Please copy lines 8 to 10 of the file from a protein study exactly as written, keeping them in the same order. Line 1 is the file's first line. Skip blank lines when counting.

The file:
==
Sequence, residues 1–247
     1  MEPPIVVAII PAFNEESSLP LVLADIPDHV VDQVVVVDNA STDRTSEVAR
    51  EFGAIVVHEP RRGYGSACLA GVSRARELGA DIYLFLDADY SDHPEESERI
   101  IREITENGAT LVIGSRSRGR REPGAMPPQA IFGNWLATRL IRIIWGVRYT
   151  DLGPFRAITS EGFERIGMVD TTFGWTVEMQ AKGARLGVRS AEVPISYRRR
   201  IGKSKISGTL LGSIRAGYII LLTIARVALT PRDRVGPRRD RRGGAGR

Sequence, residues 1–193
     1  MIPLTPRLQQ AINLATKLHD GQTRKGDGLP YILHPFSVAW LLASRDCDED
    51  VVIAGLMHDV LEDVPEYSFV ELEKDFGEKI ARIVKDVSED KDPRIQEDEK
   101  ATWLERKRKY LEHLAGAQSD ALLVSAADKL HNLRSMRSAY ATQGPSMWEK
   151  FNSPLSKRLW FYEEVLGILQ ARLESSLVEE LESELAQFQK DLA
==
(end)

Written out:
     1  MIPLTPRLQQ AINLATKLHD GQTRKGDGLP YILHPFSVAW LLASRDCDED
    51  VVIAGLMHDV LEDVPEYSFV ELEKDFGEKI ARIVKDVSED KDPRIQEDEK
   101  ATWLERKRKY LEHLAGAQSD ALLVSAADKL HNLRSMRSAY ATQGPSMWEK